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« A gross example of litigation "churning" aka barratry | Main | Right in the Code of Federal Regulations (CFR): "Other constitutional and legislative courts of the United States" »

US Supreme Court Tipping Their Hand: Congressional intent to transfer jurisdiction from constitutional to legislative courts, to emasculate the former

from: Paul Andrew Mitchell, B.A., M.S. <supremelawfirm@gmail.com>
reply-to: supremelaw@googlegroups.com
to: SupremeLaw <supremelaw@googlegroups.com>
date: Sun, Mar 8, 2015 at 11:06 PM
subject: S.Ct. Tipping Their Hand: Congressional intent to transfer jurisdiction from constitutional to legislative courts, to emasculate the former
mailing list: supremelaw.googlegroups.com Filter messages from this mailing list
http://caselaw.lp.findlaw.com/scripts/getcase.pl?court=US&vol=337&invol=582

NATIONAL MUT. INS. CO. OF DIST. OF COL. V. TIDEWATER TRANSFER CO. , 337 U.S. 582 (1949)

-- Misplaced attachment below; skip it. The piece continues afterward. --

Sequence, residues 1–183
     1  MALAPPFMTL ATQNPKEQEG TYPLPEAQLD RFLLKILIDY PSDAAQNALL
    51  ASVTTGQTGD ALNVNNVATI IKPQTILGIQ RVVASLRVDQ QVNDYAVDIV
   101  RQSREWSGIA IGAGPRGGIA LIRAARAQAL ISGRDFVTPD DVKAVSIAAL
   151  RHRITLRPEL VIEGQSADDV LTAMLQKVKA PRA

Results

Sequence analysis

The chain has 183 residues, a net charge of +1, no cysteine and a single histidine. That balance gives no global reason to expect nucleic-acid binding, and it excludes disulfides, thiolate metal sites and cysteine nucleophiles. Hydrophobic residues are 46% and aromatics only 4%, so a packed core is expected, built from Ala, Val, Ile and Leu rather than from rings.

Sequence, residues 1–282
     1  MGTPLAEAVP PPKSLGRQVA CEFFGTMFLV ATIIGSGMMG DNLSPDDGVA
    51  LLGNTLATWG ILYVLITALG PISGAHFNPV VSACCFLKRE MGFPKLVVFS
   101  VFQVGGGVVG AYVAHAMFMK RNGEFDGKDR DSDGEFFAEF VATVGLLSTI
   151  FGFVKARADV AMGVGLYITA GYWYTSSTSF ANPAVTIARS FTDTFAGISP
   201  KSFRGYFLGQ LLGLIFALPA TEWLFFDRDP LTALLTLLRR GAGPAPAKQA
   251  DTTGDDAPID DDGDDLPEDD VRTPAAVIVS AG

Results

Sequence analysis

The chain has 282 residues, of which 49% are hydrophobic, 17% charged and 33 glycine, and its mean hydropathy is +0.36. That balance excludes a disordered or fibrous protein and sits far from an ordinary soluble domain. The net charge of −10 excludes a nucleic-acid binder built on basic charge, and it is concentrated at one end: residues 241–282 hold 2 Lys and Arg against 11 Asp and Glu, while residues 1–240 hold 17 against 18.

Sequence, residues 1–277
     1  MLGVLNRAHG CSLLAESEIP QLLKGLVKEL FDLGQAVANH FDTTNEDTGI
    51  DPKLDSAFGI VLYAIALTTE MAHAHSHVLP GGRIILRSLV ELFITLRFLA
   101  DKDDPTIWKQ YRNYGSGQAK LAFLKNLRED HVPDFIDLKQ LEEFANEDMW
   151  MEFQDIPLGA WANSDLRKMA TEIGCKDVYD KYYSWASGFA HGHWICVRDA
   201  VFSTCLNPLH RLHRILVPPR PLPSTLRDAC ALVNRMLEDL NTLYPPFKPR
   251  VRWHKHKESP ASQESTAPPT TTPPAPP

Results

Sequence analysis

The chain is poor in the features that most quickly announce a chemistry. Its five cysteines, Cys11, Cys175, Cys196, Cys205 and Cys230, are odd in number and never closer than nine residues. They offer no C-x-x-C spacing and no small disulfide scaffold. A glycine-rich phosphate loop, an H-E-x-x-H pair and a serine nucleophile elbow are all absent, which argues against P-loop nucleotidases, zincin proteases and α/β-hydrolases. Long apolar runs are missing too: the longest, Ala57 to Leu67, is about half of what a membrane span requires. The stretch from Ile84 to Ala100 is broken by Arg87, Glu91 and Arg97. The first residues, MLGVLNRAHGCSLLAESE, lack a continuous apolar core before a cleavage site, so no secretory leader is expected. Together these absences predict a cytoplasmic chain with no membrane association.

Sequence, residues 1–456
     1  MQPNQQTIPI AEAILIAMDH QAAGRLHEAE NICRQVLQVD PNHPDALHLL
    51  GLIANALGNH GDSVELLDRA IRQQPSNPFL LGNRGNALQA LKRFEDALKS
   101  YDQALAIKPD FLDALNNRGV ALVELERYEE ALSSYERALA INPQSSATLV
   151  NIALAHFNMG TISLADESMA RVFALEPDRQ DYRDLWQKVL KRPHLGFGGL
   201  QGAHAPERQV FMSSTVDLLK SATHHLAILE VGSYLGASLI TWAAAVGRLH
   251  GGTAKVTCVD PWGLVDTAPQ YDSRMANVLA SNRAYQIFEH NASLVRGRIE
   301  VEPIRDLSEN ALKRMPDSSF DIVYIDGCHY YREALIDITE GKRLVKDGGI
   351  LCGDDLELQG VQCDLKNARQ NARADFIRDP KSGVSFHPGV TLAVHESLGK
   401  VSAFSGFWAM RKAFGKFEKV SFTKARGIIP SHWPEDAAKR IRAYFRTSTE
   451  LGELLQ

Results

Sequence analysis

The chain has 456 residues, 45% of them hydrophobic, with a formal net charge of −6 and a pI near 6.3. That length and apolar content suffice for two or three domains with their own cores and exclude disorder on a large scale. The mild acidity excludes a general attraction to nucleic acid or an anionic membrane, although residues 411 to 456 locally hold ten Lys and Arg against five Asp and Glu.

[begin quote]

It may be argued that the distinction between constitutional and legislative courts is meaningless if the latter may be invested with jurisdiction over the subjects of Art. III judicial power.

But there are limitations which insure the preservation of the system of federal constitutional courts distinct from legislative courts.

In the first place, a legislative court must be established under some one of the specific powers given to Congress, and it is unlikely that all of the subjects of the judicial power could be justified as an exercise of those powers. 22

Furthermore, we cannot impute to Congress an intent now or in the future to transfer jurisdiction from constitutional to legislative courts for the purpose of emasculating the former.

Chief Justice Marshall suggested another limitation in the Canter case, when he said that within the States, admiralty jurisdiction can be exercised solely by constitutional courts, although that limitation does not apply to the Territories.

It is at least open to question, therefore, whether all of the subjects of Art. III judicial power, or only federal question jurisdiction, may be transferred to legislative courts within the States.

Finally, Ex parte Bakelite Corp., supra, has been read as suggesting that the jurisdiction of legislative courts is limited to matters which, while proper subjects of judicial determination, need not be so determined under the Constitution. 23

The least that may be said is that no decisions of this Court have suggested that legislative courts may take over the entire field of federal judicial authority.


[end quote]

March 10, 2015 in Current Affairs | Permalink